“My God, my God, why have you abandoned me?” Mark 15:34; Matthew 27:46.
This utterance always struck me as among the most authentic of Jesus’ statements. In Mark, these words are also rendered Eloi, eloi, lama sabachthani, which is thought to be Aramaic, the common language Israelites would have used at the time of Christ. Mark’s choice to write the words of Jesus in both Greek (the original New Testament scrolls were all written in Greek) and to retain it in the original language suggests that Mark wanted to emphasize that these words were the words of Jesus.
But few things in life are straightforward. To complicate things, Matthew uses Eli, eli, lama sabachthani, words which are slightly different than in Mark’s account, because they are Hebrew. (Hebrew and Aramaic were similar languages.) And so, to recap, both Matthew and Mark thought so much of the “why have you abandoned me” saying that both tried to retain it in its original language, except that Matthew thought that was Hebrew and Mark thought it was Aramaic.
In Jesus’ time, Hebrew was the language of scripture, and the historic language of the Jewish people. Most of the Old Testament was written in Hebrew, and it was widely used in the Temple and synagogues. Aramaic was the street language, very similar but not identical to Hebrew. Most people in Israel spoke Aramaic, and although it was replacing Hebrew as the standard language in Palestine, many if not most Jews would have known both. Thus, it is easy to see how, given the similarity between the two phrases, that a person overhearing it could have mistaken one for the other.
I don’t think the difference matters. When an important event occurs and eyewitness accounts do not precisely agree with one another, this does not disprove their accuracy. Paradoxically, it make the story more believable.
When people want to deceive, they compare notes and get their facts straight. A group of people who want to foist a lie tend to carefully stick to a script. Contradictions raise doubts in the minds of listeners. A perfectly clean story is either an extremely precise account of the truth, which is rare in oral reports, or a well-executed con job.
When several people separately observe the same event, it is common for each person to remember it slightly differently. Everyone has a different point of view and different perceptions. If ten people watch a car accident, it is likely that each of the ten will give a unique version of the story. Some of the accounts may even be contradictory. This is natural and expected from human beings.
Thus, it makes sense that a single utterance of Jesus might be remembered differently by two different people. From that perspective, the inconsistency looks more like an honest difference of opinion reported by two people who were there rather than proof that anything was concocted. If you are an eyewitness to an important event, you are not likely to back down or change your account when confronted with another’s account. I can easily imagine two people sticking to their stories because they were there and comfortable with what they saw.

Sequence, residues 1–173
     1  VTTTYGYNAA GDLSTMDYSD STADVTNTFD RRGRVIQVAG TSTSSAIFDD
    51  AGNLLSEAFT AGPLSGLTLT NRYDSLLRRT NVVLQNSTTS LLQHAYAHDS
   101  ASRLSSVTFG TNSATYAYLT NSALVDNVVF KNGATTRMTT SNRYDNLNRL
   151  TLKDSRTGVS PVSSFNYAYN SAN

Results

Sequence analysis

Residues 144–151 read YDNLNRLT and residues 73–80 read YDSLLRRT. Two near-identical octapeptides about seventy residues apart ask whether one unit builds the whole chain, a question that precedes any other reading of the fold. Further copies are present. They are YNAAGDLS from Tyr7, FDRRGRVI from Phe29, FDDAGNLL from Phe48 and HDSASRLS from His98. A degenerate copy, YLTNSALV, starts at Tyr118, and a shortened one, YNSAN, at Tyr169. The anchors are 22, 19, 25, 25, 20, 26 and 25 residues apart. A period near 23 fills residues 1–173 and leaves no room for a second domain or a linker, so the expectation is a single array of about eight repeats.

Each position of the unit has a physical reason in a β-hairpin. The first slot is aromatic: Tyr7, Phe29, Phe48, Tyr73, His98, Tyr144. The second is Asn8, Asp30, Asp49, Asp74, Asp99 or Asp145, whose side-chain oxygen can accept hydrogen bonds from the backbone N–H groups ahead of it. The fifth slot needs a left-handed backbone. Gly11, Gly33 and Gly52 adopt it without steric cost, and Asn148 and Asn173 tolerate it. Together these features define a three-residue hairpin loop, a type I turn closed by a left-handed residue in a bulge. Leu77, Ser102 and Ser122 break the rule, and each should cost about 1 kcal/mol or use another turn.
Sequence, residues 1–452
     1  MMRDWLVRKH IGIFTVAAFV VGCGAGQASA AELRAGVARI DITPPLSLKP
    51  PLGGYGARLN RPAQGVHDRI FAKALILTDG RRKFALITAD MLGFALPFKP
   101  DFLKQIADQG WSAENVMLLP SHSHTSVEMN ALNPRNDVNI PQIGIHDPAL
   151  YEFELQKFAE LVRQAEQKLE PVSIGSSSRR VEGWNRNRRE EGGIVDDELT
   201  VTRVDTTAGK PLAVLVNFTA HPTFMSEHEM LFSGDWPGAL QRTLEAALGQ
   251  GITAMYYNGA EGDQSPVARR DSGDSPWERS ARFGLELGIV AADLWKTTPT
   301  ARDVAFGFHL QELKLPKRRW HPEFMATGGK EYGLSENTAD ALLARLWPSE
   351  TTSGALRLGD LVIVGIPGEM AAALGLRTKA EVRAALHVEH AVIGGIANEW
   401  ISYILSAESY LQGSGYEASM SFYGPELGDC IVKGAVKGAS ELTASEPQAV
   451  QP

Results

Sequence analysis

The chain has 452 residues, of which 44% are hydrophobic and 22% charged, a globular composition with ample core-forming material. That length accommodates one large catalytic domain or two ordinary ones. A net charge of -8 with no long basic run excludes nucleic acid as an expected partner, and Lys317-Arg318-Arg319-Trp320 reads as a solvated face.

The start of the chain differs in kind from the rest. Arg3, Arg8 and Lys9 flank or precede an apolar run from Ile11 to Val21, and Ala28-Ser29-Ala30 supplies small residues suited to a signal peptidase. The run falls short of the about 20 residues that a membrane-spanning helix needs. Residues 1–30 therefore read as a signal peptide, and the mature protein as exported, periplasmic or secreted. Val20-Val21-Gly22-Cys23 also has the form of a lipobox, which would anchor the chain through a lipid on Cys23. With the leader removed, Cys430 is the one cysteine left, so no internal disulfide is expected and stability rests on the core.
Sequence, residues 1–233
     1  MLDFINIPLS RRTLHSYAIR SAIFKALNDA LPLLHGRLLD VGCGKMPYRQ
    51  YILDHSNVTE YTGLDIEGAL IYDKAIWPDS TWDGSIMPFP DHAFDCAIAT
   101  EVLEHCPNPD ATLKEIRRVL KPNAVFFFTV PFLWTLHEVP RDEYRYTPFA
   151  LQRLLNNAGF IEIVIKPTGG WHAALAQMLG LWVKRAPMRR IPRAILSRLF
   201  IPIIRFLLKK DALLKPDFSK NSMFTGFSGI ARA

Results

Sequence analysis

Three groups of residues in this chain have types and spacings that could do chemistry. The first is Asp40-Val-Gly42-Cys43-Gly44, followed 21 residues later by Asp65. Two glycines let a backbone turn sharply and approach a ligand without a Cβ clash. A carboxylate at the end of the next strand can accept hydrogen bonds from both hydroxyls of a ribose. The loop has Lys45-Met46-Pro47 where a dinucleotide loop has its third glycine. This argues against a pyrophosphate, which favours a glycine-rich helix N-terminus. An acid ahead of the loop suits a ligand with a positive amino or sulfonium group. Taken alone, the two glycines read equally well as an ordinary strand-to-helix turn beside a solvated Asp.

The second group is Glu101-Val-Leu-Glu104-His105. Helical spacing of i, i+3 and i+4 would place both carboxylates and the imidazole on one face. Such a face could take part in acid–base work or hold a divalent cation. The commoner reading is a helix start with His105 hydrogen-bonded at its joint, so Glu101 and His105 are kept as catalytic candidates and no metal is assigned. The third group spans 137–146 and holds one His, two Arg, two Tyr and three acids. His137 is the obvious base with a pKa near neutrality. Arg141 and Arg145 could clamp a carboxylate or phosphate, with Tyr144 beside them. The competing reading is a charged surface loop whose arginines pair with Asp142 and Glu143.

A number of details in the Passion story are like that, varying among the accounts. And in most cases, the variations look to me to be the result of independent points of view, rather than signs that the events did not happen. The variations, which would be expected in oral recollections, humanize the story.
“Why have you abandoned me?” is a post-modernist cry. They are words of desperation, of emptiness, of expenditure. Sartre or Camus couldn’t have done better. They are probably the most disturbing of the Last Words, because Jesus seems to be asking if God has gone away.
Well, has he? Has a God that has let his Son suffer and die gone away? Jesus’ words are our words, perhaps more so than any other pronouncement in the Gospels. Jesus asks the same question almost everyone has asked at some point: Why would a God that loves would allow so much pain?
The resurrection of Christ could be taken as an answer. If after God abandons his Son, He then raises him from the dead, this suggests that we too will rise again, and God will make good on His promises to us as well. If we follow Jesus’ way, we will share in his redemption.
That doesn’t seem like quite enough, though. I’m not looking forward to suffering in my own life just because Jesus suffered. That is a path I could follow, but God forgive me if I would rather not. Certainly the Passion is not telling us that we must suffer a horrible death to find paradise. There has to be another answer.
And in a way, there is, and it comes in the very question, “Why did you abandon me?” The question is not answered, at least not on Good Friday. When Jesus dies, he experiences the same silence we sometime feel when we wonder what is the point of it all. If God will not answer his own Son, we cannot expect an prompt answer either.
That does not mean we will never get one. But we will not get one at this moment. God’s silence to Jesus reminds us that God may be in the loving business, but that does not necessarily mean He is in the answering business. This should not be a surprise. Parents do not always answer their children’s questions; sometimes the time and place is not right. Sometimes, for a parent, the right answer is no answer. For now.
For a complete list of links to the seven essays on this topic, please go here.